MRI’s Pose Dangers for Patients with Drug Infusion Pumps
By Lynn Shapiro, Staff Writer
Patients with drug infusion pumps implanted in their bodies are in danger of experiencing potentially lethal drug reactions and mechanical failures while undergoing Magnetic Resonance Imaging (MRI) scans, the FDA warns in a January 11, 2017 safety alert.
The FDA’s warning notes that patients relying on drug infusion devices who undergo MRI’s, may fall victim to drug dosing inaccuracies, such as receiving too much or little medication; and mechanical problems with the pumps themselves, such as motors stalling and not restarting.
Infusion pumps are devices that are implanted under the skin, typically in the abdominal region. They are connected to an implanted catheter and are used to deliver medications and fluids to the body.
These drugs are administered to treat chronic pain, muscle spasticity, and other diseases. A health care provider regularly refills the implanted pump with medications or fluids.
MRI Conditional Infusion Pumps and MRIs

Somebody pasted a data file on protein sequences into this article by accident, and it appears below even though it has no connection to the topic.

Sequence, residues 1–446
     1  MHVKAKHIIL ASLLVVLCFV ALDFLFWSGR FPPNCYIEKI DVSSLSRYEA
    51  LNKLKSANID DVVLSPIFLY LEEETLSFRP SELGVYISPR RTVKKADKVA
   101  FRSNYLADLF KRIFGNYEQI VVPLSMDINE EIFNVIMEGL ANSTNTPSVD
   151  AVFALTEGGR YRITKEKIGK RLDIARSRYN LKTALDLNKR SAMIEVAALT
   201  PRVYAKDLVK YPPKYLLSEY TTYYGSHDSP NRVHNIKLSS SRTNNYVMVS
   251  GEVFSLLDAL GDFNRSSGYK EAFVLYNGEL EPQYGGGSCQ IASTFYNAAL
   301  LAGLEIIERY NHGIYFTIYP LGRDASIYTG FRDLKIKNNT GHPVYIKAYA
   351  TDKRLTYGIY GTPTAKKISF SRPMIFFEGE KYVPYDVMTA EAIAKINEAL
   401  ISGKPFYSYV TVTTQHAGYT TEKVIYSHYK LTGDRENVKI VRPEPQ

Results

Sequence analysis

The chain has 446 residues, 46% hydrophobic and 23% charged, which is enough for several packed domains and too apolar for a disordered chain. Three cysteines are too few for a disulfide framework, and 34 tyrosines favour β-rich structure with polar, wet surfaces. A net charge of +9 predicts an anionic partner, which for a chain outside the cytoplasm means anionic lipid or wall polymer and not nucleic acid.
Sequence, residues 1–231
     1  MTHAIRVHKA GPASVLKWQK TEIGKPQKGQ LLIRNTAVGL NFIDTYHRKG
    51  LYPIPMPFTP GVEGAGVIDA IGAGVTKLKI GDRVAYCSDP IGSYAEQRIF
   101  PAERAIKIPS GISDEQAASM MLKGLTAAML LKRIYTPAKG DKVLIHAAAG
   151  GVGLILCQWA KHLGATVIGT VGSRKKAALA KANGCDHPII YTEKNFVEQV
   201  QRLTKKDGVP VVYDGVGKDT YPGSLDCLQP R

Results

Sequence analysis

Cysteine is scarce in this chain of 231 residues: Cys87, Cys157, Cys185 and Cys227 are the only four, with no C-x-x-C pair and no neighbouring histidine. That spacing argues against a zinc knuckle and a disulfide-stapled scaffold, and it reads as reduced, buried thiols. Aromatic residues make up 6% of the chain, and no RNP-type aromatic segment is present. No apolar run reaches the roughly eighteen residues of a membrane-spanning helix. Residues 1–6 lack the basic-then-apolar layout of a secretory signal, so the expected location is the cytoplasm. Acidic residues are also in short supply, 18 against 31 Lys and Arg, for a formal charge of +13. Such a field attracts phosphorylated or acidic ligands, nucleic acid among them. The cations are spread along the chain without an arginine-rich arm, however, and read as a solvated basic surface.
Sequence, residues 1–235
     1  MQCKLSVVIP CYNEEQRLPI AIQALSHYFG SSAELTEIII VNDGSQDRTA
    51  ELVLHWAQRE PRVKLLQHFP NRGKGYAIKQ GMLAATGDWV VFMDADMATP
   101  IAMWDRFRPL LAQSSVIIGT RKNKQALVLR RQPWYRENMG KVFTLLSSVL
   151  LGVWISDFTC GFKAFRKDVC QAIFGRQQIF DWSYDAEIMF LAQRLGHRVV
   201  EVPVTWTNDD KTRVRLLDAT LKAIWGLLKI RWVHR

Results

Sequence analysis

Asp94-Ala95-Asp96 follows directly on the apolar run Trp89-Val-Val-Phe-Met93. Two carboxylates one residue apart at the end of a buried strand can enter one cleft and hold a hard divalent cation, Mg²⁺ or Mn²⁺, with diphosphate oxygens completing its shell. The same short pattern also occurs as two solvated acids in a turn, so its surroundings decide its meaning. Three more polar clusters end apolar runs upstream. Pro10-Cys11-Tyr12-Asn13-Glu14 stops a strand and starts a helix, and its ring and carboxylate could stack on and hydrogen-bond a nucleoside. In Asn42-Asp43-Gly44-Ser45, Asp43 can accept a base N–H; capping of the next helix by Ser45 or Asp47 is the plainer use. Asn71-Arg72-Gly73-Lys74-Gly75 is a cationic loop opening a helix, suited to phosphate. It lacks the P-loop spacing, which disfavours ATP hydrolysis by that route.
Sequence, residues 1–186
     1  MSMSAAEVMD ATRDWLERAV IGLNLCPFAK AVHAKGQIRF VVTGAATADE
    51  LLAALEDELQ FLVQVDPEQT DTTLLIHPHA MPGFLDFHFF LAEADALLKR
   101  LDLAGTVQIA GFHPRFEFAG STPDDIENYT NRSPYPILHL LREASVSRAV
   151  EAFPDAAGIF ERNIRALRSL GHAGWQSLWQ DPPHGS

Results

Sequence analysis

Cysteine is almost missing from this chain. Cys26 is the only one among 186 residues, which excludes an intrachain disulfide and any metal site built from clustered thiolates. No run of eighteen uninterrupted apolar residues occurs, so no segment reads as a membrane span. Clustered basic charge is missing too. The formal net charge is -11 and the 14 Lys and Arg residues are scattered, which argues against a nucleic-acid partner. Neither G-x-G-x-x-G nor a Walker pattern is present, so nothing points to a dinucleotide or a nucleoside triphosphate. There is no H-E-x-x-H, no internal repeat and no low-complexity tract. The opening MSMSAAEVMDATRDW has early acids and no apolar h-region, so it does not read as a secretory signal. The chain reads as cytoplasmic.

The FDA warns that only infusion pumps labeled as “MRI Conditional” can be safely used on people who are undergoing MRI’s.
Patients with infusion pumps should make their healthcare provider and MRI technician aware of the model of their implantable drug pump, FDA advises.
Patients are given an implant card that provides medical staff with this information. The FDA urges patients to carry this card with them when they go for an MRI exam.
The agency also recommends that patients wear a medical alert necklace or bracelet in case of emergency, which includes the infusion pump’s model number.
FDA warns that even if an infusion pump is labeled as” MRI Conditional”-- meaning it can safely withstand an MRI exam-- the pump may have to be restarted after the MRI is completed.
Meanwhile, the agency says it’s advising infusion pump makers on how to update safety labels on drug infusion pumps, so the medical devices can function properly during an MRI scan.
“The specific conditions that health care practitioners and patients should follow before, during, and after the MRI exam vary by the make and model of the implantable infusion pump system,” the FDA warning says.
“Importantly, each implantable pump model may have unique conditions that must be followed in order for a patient to safely undergo an MRI exam.
“Failure to adhere to these conditions can result in serious injury or death,” FDA warns in its January, 2017 safety alert.